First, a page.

OUTRIGHT FEE DONATION: All rights to the land are transferred to a qualified
conservation organization such as Hawaiian Islands Land Trust, resulting in an income
tax deduction for the full appraised value of the land, reduced estate taxes, and
elimination of property taxes for the donor.
LEASEBACK: Property donated to a qualified conservation organization, but with the
condition that the granting owner leases back use of the land. Such a condition placed on
the gift may preclude any tax deduction for the donation.
RESERVED LIFE ESTATE OR REMAINDER INTEREST: Property is donated or
sold, in whole or in part, to a qualified conservation organization with a deed provision that reserves
the right of the owner (and/or specified persons) to use the land or a portion of it, until death. The
owner may claim an income tax deduction for the value of the donation, estate taxes
may be reduced, and property taxes are levied only on that portion of the land
retained for personal use.
Sales to Conservation Organizations
A sale at MARKET VALUE realizes full price for the owner. Non-profit conservation
organizations and protecting government agencies rarely can purchase property at
full-value for conservation purposes. The seller remains liable for income/capital
Selling land at a BARGAIN SALE price to a qualified conservation organization
yields an income tax deduction equal to the difference between the sale price and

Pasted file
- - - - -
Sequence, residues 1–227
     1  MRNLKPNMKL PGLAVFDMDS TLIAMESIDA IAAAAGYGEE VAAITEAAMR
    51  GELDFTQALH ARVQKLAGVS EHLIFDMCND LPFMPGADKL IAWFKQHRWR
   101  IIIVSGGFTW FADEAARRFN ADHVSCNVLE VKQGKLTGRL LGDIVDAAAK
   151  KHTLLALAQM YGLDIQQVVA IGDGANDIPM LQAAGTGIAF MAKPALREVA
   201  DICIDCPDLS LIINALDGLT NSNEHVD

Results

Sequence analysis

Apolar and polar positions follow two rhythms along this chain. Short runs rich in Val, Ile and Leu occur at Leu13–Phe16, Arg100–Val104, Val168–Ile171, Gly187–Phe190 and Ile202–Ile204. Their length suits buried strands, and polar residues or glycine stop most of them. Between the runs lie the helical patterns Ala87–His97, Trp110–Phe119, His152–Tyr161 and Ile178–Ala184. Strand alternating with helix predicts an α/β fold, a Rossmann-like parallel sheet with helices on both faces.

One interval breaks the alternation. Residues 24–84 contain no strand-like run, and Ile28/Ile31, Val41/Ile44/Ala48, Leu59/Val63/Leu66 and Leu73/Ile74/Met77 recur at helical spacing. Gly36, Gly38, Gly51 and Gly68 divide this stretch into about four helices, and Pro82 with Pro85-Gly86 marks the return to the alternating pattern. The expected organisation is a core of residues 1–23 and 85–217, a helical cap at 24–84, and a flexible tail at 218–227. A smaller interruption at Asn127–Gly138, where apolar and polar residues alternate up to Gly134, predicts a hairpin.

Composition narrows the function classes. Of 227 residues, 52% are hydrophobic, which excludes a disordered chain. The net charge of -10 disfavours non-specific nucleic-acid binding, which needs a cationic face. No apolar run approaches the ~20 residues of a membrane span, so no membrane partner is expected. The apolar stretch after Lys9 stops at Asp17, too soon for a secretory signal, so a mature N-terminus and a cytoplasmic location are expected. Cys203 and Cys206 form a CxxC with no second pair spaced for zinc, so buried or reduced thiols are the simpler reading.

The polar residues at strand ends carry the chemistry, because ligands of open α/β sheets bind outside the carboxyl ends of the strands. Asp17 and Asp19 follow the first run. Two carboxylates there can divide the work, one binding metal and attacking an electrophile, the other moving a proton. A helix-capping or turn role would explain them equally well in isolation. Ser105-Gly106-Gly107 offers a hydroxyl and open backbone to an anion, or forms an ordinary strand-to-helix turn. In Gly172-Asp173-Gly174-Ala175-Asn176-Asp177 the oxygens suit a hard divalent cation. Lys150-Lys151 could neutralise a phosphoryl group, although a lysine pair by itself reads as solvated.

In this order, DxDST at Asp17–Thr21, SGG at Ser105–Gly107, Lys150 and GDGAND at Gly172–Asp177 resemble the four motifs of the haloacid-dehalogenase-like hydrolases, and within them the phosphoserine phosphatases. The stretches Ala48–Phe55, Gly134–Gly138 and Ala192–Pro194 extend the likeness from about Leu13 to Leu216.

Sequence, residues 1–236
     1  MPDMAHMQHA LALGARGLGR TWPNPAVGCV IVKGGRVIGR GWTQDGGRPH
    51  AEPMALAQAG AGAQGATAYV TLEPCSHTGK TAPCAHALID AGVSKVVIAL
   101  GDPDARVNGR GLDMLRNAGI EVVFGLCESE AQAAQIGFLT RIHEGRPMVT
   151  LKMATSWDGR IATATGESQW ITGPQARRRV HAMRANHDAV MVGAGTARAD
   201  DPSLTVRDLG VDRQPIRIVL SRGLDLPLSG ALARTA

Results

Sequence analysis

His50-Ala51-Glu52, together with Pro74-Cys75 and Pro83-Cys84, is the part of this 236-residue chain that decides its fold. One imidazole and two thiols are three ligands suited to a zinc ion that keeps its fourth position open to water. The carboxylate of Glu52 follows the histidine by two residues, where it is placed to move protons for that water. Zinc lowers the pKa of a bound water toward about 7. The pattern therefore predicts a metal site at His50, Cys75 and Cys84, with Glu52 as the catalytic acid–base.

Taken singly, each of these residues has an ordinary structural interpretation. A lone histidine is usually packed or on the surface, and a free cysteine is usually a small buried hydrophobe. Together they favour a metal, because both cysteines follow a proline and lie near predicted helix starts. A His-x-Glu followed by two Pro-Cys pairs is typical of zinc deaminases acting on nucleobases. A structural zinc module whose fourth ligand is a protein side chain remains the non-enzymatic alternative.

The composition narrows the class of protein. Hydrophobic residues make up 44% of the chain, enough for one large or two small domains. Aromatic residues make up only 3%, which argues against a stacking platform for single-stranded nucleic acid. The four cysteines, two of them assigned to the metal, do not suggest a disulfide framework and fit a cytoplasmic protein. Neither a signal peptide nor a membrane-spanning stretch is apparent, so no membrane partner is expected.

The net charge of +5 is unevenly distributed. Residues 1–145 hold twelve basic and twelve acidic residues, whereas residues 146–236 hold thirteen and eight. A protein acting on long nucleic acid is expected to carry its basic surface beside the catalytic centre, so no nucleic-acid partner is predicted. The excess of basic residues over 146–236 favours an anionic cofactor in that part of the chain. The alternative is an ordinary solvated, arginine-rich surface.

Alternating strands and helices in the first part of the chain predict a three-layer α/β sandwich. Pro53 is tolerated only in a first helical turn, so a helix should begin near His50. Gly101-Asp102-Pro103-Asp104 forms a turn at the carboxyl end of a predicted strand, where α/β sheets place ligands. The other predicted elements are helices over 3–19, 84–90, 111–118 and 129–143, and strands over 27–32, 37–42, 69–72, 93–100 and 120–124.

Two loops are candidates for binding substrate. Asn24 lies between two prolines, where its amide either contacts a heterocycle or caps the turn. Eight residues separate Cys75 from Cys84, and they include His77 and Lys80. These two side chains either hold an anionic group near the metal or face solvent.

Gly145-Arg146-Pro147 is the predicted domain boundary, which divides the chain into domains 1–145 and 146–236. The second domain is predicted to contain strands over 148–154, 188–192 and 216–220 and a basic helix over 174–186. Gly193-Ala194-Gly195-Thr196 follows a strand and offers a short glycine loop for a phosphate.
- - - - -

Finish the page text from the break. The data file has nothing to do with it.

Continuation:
the full fair market value of the property, and also lowers capital gains taxes.
LIMITED DEVELOPMENT provides protection for portions of a property
either through a conservation easement or through other means, while allowing for
development of the remaining property. Limited development arrangements can
simultaneously yield tax savings for the donation of the conservation easement and
enhance the value of the adjoining land to be developed.
An OPTION is a contract between a potential buyer of a property (for example, a
Land Trust) and a seller, which reserves the right of purchase to the buyer for an
agreed upon price to be paid in a specified period of time. The buyer secures an
option in order to gain time to raise funds for purchase. The option cost is
forfeited if no purchase ensues.
For protection purposes, a RIGHT OF FIRST REFUSAL is a legal agreement
granting a potential buyer the right (for a limited time) to match any bona fide
offer once a property is placed on the real estate market. Unless protective
restrictions exist prior to sale, the purchasing organization assumes the
responsibility of defining appropriate uses for the site.
Protecting Conditions: Additional Options
DEED RESTRICTIONS can be applied to protect land if no qualified
organization is available to hold a conservation easement. Enforcement must be
carried out by the owner or the heirs of the owner, leaving little assurance of
compliance once the title changes hands. Because no donation is made, no
charitable tax deduction results.
By including a REVERSIONARY INTEREST CLAUSE in a deed stating that a
title will transfer to a certain named party if deed restrictions are violated, an owner
can provide stronger support for deed restrictions.
A group of landowners can limit the future use of their land through imposition of
a RESTRICTIVE COVENANT if no qualified organization is available to hold a
conservation easement. Neighbouring landowners with common conservation
goals sign and record this agreement containing protective restrictions. The
agreement can be enforced by any of the participating landowners and is binding
on future titleholders.